The virtues of a diversified economy
However, while Ghana will recover from the pain it will soon have to endure the situation both it and Zambia are in once again raise serious questions about the ultimate sustainability of the so-called African growth miracle.
Much of it is has been premised on primary-product exports to ravenous Asian economies that until recently have shown little but ever greater hunger for African resources.
When that hunger diminishes even a tiny bit there is little to pick up the slack in countries like Ghana and Zambia and so, inevitably, the bubble bursts with often little to show for it except fat wages for government workers and a plethora of imported luxury items for those connected to the export sector.
What needs to happen to avoid this commodity bubble pitfall is to go beyond the typical measures taken in its wake, such a raising interest rates or rationalizing the public sector, by creating a diversified economy that does more than simply focus on commodity exports.
This means above all investing in creating a viable manufacturing sector that can take advantage of the sinking cedi by using a less valuable currency to boost its export competitiveness.
Doing so would create an automatic economic stabilizer that would prevent the fallout from a bursting commodity bubble being too terrible while also working to prevent one—or at least allowing it to grow too large—to begin with.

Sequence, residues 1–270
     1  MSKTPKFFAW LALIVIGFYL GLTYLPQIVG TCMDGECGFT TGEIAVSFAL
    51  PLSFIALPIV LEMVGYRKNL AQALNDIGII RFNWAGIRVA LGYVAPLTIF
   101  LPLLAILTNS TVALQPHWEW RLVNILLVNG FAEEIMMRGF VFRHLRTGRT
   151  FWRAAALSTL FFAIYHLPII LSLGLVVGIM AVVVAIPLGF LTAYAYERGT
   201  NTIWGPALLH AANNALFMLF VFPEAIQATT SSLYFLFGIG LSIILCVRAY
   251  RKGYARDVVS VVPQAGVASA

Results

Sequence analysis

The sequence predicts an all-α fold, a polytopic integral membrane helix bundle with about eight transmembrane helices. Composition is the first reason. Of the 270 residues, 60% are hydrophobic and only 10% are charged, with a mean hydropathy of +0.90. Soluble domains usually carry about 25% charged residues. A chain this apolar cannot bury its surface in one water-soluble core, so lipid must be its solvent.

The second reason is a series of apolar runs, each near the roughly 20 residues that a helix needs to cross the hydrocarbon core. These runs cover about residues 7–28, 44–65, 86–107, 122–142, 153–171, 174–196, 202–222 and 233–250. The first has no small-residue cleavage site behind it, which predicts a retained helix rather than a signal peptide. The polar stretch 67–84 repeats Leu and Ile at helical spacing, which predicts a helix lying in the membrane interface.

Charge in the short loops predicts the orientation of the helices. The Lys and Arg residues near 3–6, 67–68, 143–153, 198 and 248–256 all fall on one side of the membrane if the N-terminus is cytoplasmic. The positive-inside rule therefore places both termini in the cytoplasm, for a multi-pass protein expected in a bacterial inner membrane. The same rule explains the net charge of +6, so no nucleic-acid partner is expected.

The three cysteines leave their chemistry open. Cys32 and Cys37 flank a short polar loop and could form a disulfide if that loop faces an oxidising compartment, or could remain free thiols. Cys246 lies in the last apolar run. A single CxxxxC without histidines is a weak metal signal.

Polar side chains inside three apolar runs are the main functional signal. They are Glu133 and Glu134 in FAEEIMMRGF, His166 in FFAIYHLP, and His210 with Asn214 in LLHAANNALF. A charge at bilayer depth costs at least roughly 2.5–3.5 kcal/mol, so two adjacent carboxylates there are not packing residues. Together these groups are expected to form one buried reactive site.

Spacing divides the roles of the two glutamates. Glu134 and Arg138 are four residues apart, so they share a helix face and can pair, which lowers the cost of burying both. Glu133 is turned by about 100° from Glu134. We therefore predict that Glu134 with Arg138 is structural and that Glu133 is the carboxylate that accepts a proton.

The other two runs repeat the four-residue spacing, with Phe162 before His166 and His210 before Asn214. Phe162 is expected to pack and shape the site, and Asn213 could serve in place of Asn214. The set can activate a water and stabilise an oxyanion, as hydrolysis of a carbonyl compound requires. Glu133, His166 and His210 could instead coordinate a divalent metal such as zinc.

One would think Ghana would take this advice to heart. After all, this is the third time country has been forced to ask world’s pay-day loan lender to help tide it over until sunny days come again, and as in prior instances the fault—excessive spending due to a commodity-driven boom—was the cause.
As patterns go this would seem to be a pretty strong one and one not just limited the case of Ghana. Globally, the pattern seems to be that single-sector economies inevitably fall into this sort of boom-bust cycle no matter who is in power.
Left wing governments, for instance, may exacerbate it by spending too much while times are good. But right-wing governments due their bit by ultimately doing little to develop the economy beyond merely making it a better place to do business for those seeking to extract the country’s natural resources as cheaply and expediently as possible.
Indeed, in the end both left and right in a single-sector economy like Zambia’s or Ghana’s collude in their own way to keep the bubble economy going. That’s because doing anything different is risky and often alienates each’s core base of supporters.
What’s needed is a third-way that bridges the difference between the two approaches that uses market thinking and adroit state intervention to create a viable manufacturing base that is competitive on global markets.
For Ghana that is a quite a challenge, but it should be remembered that at the outset of the post-colonial era countries like Ghana were roughly as rich as their counterparts in East Asia.
East Asia took the long, hard route away from primary-product extraction to build, over the course of several decades, manufacturers competitive with the West. Africa needs to do the same—but one wonders whether Africa’s current crop of leaders have the vision, or leverage, to pull it off.
Jeffrey Cavanaugh holds a Ph.D. in political science with a specialization in international relations from the University of Illinois at Urbana-Champaign. Formerly an assistant professor of political science and public administration at Mississippi State University, he writes on global affairs and international economics for AFK Insider, Mint Press News and BAM South.